If you have an important point to make, don’t try to be subtle or clever. Use the pile driver. Hit the point once. Then come back and hit it again. Then hit it a third time; a tremendous whack. — Sir Winston Churchill
As Moses and his brother, Aaron, prepare to meet with Pharaoh, to demand the release of the Israelite slaves, God gives them some advance notice as to what will happen and what they should do.
God advises them that Pharaoh will ask for some type of sign that they are indeed divine messengers. God indicates that at that juncture Moses shall instruct Aaron to grab his staff and perform a miracle.
The Berdichever notices that in the verse there is a seemingly extraneous word. The translation reads “give for yourselves a sign.” The normally word-efficient Torah could have easily transcribed “give a sign.” Why the superfluous “for yourselves”?
The Berdichever answers that according to the great Kabbalist, R’ Isaac Luria, God is listening to our every word. Furthermore, God gets tremendous pleasure from us when those words are words of Torah, of Mitzvot, of good deeds and kindness. Even beyond that, God, through those positive words that we utter, actually blesses us, and enables the good happenstances in our lives. Our words, the positive utterances of our mouth, have a direct impact on ourselves, on our world, on our reality.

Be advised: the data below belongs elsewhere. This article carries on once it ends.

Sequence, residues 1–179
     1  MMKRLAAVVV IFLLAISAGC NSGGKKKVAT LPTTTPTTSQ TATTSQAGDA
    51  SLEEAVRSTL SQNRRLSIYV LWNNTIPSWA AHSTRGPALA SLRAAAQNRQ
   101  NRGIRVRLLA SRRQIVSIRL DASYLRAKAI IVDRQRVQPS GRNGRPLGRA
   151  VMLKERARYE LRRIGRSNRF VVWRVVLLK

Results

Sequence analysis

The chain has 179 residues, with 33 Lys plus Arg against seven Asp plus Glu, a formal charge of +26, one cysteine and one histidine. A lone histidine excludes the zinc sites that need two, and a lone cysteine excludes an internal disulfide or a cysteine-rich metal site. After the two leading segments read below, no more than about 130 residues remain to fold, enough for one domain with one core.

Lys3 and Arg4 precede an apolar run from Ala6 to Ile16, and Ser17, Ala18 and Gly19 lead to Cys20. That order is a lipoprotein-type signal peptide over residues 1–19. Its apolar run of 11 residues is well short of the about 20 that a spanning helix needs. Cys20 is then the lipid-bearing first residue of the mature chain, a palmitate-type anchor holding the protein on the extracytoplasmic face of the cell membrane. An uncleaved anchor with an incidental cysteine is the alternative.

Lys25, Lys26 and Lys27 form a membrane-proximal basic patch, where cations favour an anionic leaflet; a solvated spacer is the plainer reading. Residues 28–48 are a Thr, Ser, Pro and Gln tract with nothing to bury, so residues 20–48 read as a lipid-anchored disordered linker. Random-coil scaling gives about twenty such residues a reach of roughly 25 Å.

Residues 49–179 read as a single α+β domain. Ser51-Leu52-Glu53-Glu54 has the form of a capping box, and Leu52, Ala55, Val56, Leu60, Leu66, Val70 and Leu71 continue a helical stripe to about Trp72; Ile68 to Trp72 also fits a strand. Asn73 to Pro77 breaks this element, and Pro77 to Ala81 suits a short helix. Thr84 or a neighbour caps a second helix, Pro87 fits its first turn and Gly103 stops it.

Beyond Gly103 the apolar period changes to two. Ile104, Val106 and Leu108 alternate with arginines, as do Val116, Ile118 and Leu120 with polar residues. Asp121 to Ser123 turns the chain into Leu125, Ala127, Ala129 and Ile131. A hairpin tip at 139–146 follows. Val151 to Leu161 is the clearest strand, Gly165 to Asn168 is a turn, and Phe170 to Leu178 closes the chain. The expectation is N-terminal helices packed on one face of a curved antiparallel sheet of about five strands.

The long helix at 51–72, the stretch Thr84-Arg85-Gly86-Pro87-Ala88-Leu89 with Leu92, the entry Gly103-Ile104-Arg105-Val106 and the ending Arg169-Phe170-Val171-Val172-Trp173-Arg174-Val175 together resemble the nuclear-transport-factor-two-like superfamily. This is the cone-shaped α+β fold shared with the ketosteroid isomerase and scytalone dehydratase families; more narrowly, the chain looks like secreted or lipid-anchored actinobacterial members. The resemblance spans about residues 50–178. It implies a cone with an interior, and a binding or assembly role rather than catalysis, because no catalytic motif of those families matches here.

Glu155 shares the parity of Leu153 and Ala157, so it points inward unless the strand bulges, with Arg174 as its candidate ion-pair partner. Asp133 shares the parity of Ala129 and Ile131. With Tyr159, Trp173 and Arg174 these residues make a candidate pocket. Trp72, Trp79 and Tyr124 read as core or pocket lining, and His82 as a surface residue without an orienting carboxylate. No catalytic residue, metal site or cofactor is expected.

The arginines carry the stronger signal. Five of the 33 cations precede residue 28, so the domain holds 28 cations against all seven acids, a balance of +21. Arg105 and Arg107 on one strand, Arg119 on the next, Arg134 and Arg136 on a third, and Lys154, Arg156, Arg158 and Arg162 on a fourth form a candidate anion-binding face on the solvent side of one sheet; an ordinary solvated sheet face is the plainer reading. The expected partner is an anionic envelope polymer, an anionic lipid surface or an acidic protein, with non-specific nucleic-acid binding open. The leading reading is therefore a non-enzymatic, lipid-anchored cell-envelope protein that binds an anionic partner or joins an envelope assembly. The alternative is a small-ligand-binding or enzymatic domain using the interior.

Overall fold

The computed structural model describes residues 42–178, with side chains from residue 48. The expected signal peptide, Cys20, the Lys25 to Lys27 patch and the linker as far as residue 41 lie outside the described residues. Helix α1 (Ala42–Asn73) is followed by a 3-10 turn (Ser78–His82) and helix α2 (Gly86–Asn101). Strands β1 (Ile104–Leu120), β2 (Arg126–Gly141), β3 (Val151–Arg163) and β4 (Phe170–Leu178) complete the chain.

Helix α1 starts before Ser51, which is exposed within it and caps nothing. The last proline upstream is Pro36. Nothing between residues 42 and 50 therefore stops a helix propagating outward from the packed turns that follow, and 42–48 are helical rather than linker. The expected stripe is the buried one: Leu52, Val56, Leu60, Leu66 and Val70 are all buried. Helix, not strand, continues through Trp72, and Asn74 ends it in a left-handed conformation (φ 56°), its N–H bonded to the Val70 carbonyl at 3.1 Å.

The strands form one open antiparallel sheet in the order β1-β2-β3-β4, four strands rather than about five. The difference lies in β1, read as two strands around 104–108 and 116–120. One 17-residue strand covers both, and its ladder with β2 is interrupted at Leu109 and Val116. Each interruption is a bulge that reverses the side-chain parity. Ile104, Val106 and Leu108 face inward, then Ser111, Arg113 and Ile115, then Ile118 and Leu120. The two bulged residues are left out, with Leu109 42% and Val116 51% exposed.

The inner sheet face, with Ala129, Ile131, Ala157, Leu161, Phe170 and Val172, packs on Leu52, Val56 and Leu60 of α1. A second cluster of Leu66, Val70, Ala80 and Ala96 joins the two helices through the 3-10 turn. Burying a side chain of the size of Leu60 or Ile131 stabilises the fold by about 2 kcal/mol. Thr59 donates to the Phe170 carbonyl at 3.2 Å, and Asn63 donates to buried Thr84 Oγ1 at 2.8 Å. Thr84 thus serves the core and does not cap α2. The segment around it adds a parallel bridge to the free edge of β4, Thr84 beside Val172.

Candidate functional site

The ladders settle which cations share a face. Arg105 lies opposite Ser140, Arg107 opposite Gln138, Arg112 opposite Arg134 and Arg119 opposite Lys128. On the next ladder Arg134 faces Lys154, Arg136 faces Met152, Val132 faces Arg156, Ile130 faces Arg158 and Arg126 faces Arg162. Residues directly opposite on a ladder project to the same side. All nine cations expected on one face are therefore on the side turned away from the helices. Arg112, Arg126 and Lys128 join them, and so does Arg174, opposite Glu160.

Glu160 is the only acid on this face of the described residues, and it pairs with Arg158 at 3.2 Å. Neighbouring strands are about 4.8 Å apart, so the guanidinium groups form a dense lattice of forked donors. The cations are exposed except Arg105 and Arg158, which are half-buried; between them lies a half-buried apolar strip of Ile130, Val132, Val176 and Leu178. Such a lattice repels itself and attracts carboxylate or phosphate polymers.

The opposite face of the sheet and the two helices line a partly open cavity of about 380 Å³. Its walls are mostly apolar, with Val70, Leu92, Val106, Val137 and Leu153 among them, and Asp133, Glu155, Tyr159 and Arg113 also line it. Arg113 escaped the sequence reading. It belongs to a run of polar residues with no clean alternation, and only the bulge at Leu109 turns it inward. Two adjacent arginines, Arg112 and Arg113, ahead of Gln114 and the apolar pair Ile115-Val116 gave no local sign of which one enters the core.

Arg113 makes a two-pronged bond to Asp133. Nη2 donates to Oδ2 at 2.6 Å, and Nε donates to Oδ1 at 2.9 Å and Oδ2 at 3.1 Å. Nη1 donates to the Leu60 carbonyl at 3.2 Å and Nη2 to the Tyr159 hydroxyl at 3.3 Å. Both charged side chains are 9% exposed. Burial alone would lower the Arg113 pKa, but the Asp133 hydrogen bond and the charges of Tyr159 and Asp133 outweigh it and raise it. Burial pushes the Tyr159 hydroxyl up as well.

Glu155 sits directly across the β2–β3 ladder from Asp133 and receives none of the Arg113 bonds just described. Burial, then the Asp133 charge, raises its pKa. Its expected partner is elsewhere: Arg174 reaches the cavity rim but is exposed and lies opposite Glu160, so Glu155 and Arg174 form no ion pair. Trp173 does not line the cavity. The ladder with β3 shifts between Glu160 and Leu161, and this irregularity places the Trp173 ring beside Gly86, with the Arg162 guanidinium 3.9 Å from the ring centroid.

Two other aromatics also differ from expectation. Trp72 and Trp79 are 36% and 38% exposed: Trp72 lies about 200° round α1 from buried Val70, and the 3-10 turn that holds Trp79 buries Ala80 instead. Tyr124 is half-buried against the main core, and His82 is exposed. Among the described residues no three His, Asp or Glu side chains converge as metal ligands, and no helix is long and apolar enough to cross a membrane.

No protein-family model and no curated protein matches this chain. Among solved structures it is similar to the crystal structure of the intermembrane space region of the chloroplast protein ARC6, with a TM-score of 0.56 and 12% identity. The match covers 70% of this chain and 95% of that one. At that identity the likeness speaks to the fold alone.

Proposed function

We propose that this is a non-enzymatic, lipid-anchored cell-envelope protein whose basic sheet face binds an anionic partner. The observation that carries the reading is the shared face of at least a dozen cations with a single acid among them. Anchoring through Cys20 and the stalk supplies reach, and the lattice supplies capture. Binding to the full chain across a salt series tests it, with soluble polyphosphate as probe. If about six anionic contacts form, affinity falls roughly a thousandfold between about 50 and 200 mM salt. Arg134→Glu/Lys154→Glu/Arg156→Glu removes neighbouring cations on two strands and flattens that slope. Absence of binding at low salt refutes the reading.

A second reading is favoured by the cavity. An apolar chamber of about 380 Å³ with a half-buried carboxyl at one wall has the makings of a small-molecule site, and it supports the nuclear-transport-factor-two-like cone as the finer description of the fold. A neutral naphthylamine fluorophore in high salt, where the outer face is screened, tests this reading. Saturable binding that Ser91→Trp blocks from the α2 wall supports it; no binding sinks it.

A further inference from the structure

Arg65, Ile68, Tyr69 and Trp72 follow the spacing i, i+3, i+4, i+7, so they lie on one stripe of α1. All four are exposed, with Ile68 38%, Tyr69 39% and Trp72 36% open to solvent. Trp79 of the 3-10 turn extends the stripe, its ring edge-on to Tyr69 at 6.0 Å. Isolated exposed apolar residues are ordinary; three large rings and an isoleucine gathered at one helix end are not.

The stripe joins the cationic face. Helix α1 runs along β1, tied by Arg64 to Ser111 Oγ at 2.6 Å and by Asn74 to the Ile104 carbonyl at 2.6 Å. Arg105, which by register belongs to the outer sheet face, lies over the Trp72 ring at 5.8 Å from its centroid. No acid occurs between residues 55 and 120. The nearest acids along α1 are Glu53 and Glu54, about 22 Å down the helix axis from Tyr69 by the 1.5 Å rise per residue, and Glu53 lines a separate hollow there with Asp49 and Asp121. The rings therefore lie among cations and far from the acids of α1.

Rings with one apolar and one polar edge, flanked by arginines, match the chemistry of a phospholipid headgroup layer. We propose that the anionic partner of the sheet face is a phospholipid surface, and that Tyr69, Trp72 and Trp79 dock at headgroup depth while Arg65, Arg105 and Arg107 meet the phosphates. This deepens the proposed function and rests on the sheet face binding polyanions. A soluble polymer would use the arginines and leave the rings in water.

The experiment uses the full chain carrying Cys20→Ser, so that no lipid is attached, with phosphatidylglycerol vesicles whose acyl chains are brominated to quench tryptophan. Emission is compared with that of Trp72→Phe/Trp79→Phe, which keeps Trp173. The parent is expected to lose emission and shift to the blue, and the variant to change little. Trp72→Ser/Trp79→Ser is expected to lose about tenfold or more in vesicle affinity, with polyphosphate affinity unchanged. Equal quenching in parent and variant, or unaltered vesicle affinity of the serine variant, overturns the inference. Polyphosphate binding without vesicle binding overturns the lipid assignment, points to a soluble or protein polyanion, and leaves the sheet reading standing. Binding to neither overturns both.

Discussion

The addition of “for yourselves” in the verse comes to highlight that Aaron and Moses, who dedicated themselves to only good and to the service of God, had the power to affect and change reality just by the power of speech. Just by the words they used and their intention, they were able to bend and contravene the laws of nature and do the miraculous. They could turn a staff into a reptile and then turn that reptile back into a staff. They could be God’s agents in bringing down the miraculous plagues upon Egypt. All just from the incredible power of their speech. They understood the power they had harnessed in devoting the words that came out of their mouths to God and Israel.
May our words ever be powerfully good – and if they can’t be, may we learn the more valuable lesson of when to be quiet.
On the marriage of Elisheva and Amichai Matar. Mazal Tov!